Saturday, February 24, 2024

LOCAL SEA SWIMMERS BUCKET LIST TRIP TO SAN FRANCISCO

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PERHAPS unknown to many locals, but each year our wonderful home town of Donaghadee is being visited by an ever increasing number of the worlds elite open water swimmers. The reason behind this now annual pilgrimage, is to use the town as their base as they prepare for taking on the mighty challenge of swimming across the North Channel to Scotland.

Besides arrivals from our home nations, we have swimmers quite literally from all over the world, including the USA, Australia, New Zealand, Canada, Costa Rica, Austria, Russia, Turkey, Mexico, Israel, Spain, Italy, France, Argentina, Croatia and many more. 

Inevitably, as we spend time swimming and socialising with these visitors, friendships are formed. One of those visiting swimmers is Amy, who despite actually being successful at her first attempt back 2018, seems to have made a habit of returning to Donaghadee on a fairly regular basis over the succeeding years. By nature a super friendly and outgoing girl, she has become a well known and very popular figure within our local Chunky Dunker swim group. 

On her last visit in May, whilst whiling away some time together down the harbour, I happened to mention how I’d love to have a go at attempting the ‘Escape From Alcatraz Swim,’ which takes place in San Francisco Bay, California. 

Amy and the two swimming companions who were accompanying her, Sarah and Gretchen, are all from the San Francisco area and there was virtually an explosion of enthusiastic interest. As three girls all expounded on the merits of the Alcatraz swim, Sarah revealed she had actually completed the swim on no less than 235 occasions.

“Aye but,” I said. “I’m old, I’m unfit, I’m overweight, I’m not a good enough swimmer.” They then went on to explain that there are swimmers who are older, swimmers who are heavier, swimmers who are equally unfit who complete the Alcatraz swim on a regular basis. 

We eventually bade farewell to the girls, as they left us to head back home to America. By then though, the seed was well and truly planted. Indeed Amy had gone a stage further, by generously offering safety boat cover should I decide to take up the challenge. 

As the days turned into weeks, Mrs S and I realised that we would very soon have to make a definitive decision regarding this most generous offer. Eventually we decided that this was truly a once in a lifetime opportunity, an offer which was simply too good to turn down. So, even though we were filled with fear and trepidation, we decided that we would indeed take the plunge.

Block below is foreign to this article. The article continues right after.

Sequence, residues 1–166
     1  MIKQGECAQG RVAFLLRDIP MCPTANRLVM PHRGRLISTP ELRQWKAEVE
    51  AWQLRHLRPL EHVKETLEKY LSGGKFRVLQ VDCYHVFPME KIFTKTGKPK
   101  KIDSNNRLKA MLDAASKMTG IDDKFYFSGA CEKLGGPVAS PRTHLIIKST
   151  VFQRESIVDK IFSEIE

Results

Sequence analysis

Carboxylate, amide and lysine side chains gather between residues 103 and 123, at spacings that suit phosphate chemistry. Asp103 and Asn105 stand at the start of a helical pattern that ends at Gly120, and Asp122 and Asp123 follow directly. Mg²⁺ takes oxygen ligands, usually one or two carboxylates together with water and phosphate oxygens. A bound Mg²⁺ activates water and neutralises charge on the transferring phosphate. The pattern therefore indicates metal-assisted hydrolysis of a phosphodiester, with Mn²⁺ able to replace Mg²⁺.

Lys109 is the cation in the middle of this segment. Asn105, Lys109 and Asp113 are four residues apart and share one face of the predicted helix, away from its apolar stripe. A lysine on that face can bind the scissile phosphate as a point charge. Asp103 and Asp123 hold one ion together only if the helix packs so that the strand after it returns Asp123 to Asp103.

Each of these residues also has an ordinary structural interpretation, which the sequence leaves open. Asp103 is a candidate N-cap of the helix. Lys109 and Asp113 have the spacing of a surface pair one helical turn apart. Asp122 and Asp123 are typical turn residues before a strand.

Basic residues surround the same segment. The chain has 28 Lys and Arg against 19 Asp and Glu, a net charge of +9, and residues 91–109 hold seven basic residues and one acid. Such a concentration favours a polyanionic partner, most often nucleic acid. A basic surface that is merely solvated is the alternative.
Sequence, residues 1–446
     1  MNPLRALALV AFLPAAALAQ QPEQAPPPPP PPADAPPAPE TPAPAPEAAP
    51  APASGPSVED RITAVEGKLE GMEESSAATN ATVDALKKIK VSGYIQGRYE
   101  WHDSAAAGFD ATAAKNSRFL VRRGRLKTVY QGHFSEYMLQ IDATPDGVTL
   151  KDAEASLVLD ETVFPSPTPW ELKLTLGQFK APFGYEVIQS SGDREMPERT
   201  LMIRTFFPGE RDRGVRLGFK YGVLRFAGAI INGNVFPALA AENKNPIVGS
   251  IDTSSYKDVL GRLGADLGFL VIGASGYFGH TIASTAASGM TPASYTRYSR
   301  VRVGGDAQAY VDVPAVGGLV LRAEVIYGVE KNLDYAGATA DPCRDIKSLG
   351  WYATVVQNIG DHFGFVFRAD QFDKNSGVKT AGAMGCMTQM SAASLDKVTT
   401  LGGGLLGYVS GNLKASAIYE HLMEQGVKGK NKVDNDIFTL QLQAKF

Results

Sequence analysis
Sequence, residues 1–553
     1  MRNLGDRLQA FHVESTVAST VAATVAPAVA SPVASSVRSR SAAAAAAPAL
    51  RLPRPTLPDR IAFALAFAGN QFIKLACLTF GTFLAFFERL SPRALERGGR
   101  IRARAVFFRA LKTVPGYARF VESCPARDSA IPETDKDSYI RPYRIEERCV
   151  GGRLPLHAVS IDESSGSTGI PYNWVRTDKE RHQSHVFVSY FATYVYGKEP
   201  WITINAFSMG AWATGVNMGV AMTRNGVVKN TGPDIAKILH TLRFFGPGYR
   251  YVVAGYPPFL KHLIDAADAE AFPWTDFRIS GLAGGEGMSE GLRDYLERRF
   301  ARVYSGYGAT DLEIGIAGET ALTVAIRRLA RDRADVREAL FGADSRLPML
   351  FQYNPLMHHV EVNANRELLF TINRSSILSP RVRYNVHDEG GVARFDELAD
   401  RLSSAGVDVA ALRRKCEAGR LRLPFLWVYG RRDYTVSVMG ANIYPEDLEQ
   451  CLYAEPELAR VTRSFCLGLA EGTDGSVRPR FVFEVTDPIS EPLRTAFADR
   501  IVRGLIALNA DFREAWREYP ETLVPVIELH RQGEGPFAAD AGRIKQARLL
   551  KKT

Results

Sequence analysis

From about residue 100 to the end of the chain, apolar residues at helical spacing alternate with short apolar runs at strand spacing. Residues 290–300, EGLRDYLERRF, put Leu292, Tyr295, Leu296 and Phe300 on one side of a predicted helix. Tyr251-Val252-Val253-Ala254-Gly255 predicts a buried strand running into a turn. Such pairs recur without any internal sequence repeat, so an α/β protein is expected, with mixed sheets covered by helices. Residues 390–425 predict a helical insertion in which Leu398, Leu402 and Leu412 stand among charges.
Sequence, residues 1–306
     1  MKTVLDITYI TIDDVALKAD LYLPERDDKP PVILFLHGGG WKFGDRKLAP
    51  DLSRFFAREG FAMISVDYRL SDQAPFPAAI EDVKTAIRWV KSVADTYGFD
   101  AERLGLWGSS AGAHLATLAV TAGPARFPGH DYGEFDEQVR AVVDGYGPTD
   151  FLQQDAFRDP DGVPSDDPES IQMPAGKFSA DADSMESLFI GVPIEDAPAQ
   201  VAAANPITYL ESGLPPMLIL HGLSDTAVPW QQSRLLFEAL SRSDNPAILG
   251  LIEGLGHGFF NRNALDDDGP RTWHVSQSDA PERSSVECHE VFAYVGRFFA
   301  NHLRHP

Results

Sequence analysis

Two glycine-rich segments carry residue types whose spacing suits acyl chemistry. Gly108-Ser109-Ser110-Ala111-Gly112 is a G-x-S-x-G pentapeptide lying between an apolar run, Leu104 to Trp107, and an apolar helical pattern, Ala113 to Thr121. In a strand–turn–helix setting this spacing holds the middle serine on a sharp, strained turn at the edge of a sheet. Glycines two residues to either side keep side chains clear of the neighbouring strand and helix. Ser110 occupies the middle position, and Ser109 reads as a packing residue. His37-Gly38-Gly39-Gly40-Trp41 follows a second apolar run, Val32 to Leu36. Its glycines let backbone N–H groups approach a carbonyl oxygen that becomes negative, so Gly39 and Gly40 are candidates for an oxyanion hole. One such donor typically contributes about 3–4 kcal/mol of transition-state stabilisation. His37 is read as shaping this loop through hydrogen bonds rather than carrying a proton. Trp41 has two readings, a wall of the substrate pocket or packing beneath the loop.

We booked our holiday around a date in September, which Sarah had suggested would be suitable for the swim.

On Sunday, September 3, around 4 pm American time, we arrived in San Francisco after a long 11 hour flight from Dublin. Sarah and Amy picked us up at the airport and transported us down to our hotel, via an introductory visit to their wonderful swimming club The South End Rowing Club. 

The arrangement, as we understood it anyway, had been that they would allow us to settle in for a day or two, then look to take on the swim  on either Wednesday or the Thursday.

As we spoke about the actual swim day, both the girls seemed to be quite evasive regarding when it would be, but I put that down to the fact that we had a day or two to sort those specifics out. Eventually though Amy said to Sarah, ‘Are you going to break the news to him?’

It seemed that the forecast which had initially been good for midweek had changed, and that we would actually be making our ‘jump’ first thing the following morning, Monday. They waffled round the reasons for and the benefits of this change, but ultimately I would be meeting the girls at 7:30am the next morning for our boat ride out to Alcatraz.

So, somewhat surprisedmore like shell shocked we headed back to the hotel to pack and try to grab some sleep, before our early morning start.

After a few hours of broken sleep and a ridiculously early breakfast in the hotel restaurant, a short walk along the wonderful San Francisco waterfront saw us meet up with the others in our swim team Gretchen, Al and our boat-pilot Greg.

Pleasantries exchanged, we then boarded our pilot boat, before meandering our way through the pontoons heading towards the mouth of the marina.